1. A polymeric composition stabilized against ultraviolet degradation comprising a polymer selected from the group consisting of polyethylene, polypropylene, polystyrene, polyvinyl acetate, polyvinyl chloride, copolymer of vinylidene chloride and vinyl chloride, nitrocellulose, ethyl cellulose, cellulose acetate, and polyester resins having incorporated therein a stabilizing amount of a compound having the formula:

wherein R is a member selected from the group consisting of phenyl and alkyl having from 1-12 carbon atoms.

2. The polymeric composition of claim 1 wherein the amount of stabilizer is 0.01 to 5 percent by weight of said polymer.

3. The composition of claim 1 wherein the polymer is polystyrene and the stabilizer is bis(3-hydroxy-4-'benzoylphenoxy)-diphenyl silane.

4. The composition of claim 1 wherein the polymer is polyethylene and the stabilizer is bis(3-hydroxy-4- benzoylphenoxy)-diphenyl silane.

5. The composition of claim 1 wherein the polymer is polypropylene and the stabilizer is bis(3-hydroxy-4 benzoylphenoxy)-diphenyl silane.

6. The composition of claim 1 wherein the polymer is a polyester resin and the stabilizer is bis(3-hydroxy-4- benzoylphenoxy)-diphenyl silane.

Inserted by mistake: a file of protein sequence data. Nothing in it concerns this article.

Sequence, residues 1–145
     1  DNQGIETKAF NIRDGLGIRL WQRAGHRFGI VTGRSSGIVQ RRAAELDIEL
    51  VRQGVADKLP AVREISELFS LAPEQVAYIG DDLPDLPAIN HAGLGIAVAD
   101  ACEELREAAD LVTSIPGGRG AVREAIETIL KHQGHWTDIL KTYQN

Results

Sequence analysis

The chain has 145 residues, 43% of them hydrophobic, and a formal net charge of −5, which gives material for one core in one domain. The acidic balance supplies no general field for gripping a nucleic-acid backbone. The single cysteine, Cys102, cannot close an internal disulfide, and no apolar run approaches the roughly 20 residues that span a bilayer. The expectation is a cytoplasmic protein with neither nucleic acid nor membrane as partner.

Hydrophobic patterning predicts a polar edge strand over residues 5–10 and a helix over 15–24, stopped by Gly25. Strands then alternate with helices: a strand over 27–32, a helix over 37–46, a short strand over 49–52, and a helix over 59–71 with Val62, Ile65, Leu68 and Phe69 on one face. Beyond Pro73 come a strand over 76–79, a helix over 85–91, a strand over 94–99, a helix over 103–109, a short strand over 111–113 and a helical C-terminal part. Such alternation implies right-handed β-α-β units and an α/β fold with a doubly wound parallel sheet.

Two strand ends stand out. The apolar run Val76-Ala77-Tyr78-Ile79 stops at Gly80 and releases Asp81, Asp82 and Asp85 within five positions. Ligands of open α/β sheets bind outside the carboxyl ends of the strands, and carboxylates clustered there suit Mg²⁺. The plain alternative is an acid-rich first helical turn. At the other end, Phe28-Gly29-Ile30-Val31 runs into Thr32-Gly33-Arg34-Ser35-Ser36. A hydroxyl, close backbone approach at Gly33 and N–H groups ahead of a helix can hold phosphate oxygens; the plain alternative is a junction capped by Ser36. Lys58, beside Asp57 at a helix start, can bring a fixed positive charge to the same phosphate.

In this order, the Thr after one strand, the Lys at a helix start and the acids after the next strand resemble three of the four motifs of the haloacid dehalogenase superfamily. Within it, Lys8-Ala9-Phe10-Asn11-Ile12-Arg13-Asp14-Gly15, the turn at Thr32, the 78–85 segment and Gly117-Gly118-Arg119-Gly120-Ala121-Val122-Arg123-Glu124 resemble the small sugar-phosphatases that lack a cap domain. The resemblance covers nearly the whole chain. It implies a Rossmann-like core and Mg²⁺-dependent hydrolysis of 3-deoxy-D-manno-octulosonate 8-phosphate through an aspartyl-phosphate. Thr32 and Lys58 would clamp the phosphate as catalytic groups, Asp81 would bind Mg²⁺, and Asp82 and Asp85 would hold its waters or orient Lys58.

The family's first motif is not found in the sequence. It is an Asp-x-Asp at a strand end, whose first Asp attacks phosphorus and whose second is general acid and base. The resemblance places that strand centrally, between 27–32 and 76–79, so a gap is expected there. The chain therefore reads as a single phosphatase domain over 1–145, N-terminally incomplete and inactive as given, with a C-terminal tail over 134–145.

References Cited UNITED STATES PATENTS 8/1960 Bailey et al 260' 448;8 8/1966 Holub 260-448.8

Patent Citations
Cited PatentFiling datePublication dateApplicantTitle
US2950986 *Aug 22, 1957Aug 30, 1960Union Carbide CorpUltraviolet light absorbing compositions
US3270133 *Jan 24, 1964Aug 30, 1966Gen ElectricProjection system with improved deformable medium
Referenced by
Citing PatentFiling datePublication dateApplicantTitle
US4122233 *Jun 24, 1977Oct 24, 1978E. I. Du Pont De Nemours And CompanyUltraviolet screening agents and coating materials containing organosilane ester groups
US4278804 *May 30, 1980Jul 14, 1981General Electric CompanyAlkoxysilyl- or alkanoyloxysilylalkyl ether adducts of aromatic ultraviolet absorbers
US4374674 *Jan 15, 1981Feb 22, 1983General Electric Co.With polysiloxane
US4419405 *Sep 23, 1982Dec 6, 1983General Electric CompanyTrialkoxysilylalkyl-substituted benzophenones
US4495360 *Apr 30, 1982Jan 22, 1985General Electric CompanyUltraviolet light absorbing agents, method for making, compositions and articles containing same
US20120046384 *Mar 29, 2011Feb 23, 2012Surmodics, Inc.Photoactivatable crosslinker
Classifications
U.S. Classification524/265, 106/177.1, 106/170.2, 106/169.17, 556/436
International ClassificationC08K5/5419, C08K5/00
Cooperative ClassificationC08K5/5419
European ClassificationC08K5/5419